Gastonia, NC Correspondent-In the last decade, the way we gather and report news has undergone a sea change of truly epic proportions.  No longer does reportage require a trained journalist and (in the case of TV news) a camera truck complete with satellite uplink.  Now, anyone with a camera phone or webcam and a commanding voice can be their own newscaster.

Note: This is not necessarily a good thing.  The democratization of newsgathering has led to some stirring investigative work, and the misdeeds of those in high office have been chronicled via clandestine cameras sneaked into closed-door sessions.  The world has watched as politicos of both sides have revealed the true contents of their hearts before their wealthiest donors, and we have watched those in authority commit brutal acts of violence on helpless individuals.

But we have also been subjected to scenes of would-be Murrows filming people drowning in floodwaters, being beaten by gangs or carjacked when the “journalist” should be calling the authorities or at least throwing the poor sap a rope to pull himself to shore.  The story has become more important than the society, and we all suffer for that.

Where we perhaps suffer most, though, is in the loss of objectivity.  The “mainstream media” has been demonized, and niche websites and video channels purporting to tell “the real truth” about whatever ax is being ground have proliferated like buzzards on a corpse.  Unfettered by the need to appeal to a broad audience or advertisers, these loudmouthed agenda-hawks cast the facts in whatever light they see fit, until we no longer have a clear picture of anything.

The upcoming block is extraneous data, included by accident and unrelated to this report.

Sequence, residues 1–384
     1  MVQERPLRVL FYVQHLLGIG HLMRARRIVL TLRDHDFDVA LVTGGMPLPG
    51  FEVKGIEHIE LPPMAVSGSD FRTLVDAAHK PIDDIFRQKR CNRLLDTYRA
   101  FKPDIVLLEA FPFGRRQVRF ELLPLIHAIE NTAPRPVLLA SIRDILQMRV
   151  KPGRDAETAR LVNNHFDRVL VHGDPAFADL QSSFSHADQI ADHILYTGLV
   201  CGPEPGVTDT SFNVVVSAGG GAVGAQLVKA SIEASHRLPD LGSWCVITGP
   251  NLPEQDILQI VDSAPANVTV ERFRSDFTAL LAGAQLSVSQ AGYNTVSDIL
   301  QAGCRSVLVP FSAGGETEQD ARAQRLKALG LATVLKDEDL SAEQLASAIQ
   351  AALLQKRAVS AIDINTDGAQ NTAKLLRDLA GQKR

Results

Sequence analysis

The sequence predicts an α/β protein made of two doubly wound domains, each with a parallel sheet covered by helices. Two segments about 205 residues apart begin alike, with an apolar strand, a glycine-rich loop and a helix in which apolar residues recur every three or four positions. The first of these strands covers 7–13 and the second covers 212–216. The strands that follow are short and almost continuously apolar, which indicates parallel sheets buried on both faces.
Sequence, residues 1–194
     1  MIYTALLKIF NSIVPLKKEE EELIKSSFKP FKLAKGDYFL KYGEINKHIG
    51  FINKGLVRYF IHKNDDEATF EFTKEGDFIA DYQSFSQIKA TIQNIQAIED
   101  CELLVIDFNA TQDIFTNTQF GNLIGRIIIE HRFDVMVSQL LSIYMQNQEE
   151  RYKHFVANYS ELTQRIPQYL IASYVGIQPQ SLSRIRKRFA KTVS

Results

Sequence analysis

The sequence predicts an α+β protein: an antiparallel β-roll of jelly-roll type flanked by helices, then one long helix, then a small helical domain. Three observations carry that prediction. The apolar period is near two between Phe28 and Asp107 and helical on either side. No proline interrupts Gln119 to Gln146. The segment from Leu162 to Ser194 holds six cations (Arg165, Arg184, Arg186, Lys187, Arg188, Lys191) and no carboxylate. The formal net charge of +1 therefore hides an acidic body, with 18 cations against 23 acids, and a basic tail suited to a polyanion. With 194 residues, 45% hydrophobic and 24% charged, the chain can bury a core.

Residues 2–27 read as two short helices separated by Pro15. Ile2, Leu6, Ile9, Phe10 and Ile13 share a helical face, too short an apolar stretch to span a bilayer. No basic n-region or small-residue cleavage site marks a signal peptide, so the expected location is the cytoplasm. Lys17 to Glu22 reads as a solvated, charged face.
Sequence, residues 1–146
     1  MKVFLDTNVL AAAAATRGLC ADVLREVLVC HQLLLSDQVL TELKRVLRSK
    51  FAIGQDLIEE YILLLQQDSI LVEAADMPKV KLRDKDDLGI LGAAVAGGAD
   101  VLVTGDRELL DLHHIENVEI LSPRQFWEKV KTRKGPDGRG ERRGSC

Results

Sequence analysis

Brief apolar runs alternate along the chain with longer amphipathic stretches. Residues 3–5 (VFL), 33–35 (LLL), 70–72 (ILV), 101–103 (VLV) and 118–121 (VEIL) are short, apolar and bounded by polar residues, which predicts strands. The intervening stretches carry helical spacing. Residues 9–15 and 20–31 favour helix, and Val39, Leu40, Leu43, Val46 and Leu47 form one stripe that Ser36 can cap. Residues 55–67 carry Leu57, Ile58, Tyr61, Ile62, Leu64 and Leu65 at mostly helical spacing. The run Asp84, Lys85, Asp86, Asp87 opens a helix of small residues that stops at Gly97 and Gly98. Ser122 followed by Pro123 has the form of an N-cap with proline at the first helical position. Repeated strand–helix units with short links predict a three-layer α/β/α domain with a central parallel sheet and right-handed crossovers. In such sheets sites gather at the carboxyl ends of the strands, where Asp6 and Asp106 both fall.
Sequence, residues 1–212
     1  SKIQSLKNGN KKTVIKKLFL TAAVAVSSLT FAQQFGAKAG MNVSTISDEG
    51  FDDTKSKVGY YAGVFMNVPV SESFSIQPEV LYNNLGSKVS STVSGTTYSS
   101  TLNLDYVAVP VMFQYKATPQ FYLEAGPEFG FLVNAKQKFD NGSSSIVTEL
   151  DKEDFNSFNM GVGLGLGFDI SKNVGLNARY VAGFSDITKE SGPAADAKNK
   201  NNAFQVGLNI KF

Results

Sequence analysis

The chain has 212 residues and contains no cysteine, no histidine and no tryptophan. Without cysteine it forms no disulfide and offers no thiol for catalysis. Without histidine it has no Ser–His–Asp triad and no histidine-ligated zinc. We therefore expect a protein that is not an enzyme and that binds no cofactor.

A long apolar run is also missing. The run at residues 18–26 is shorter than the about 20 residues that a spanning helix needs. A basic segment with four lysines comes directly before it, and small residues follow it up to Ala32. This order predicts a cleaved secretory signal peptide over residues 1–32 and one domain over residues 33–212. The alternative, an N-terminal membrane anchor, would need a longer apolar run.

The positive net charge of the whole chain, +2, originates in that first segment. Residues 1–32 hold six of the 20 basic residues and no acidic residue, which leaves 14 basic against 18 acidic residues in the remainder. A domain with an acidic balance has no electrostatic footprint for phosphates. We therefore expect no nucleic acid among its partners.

Public comment is a wonderful thing when you get to hear both sides.  Sadly, that rarely happens anymore.

Asheville, NC Correspondent-When most people discuss the impact of social media, they are referring to dangers of a generation that has documented every facet of their lives in the indelible medium of social media coming of age. The first president who openly talked about drug use on Facebook as a teenager has likely already been born. Yet, there is another side to this changing pattern of documentation.

Cyber-bullying has received a great deal of attention as a new source of fear for young people. Despite the hype, today’s young people are no more vicious or catty than those who came before them. The difference is two-fold. First, there are fewer safe spaces for kids. If a child in a previous generation had a bully at school, that bully could not follow them home to continue the harassment. Cyber-bullying is far more pervasive. Second, the anonymity afforded bullies by the internet emboldens them to greater savagery than previous generations.

Still, in spite of these new dangers, cyber-bullying has a significant weakness: documentation. Parents and teachers can now see clearly the pattern of abuse that a victim has endured. This information should enable them to better intervene in these cases to protect victims from this behavior. While cyber-bullying may be new, bullies are not. The requirement that someone stand up to them remains as true as it ever was, and the digital age provides new and powerful tools with which to do so.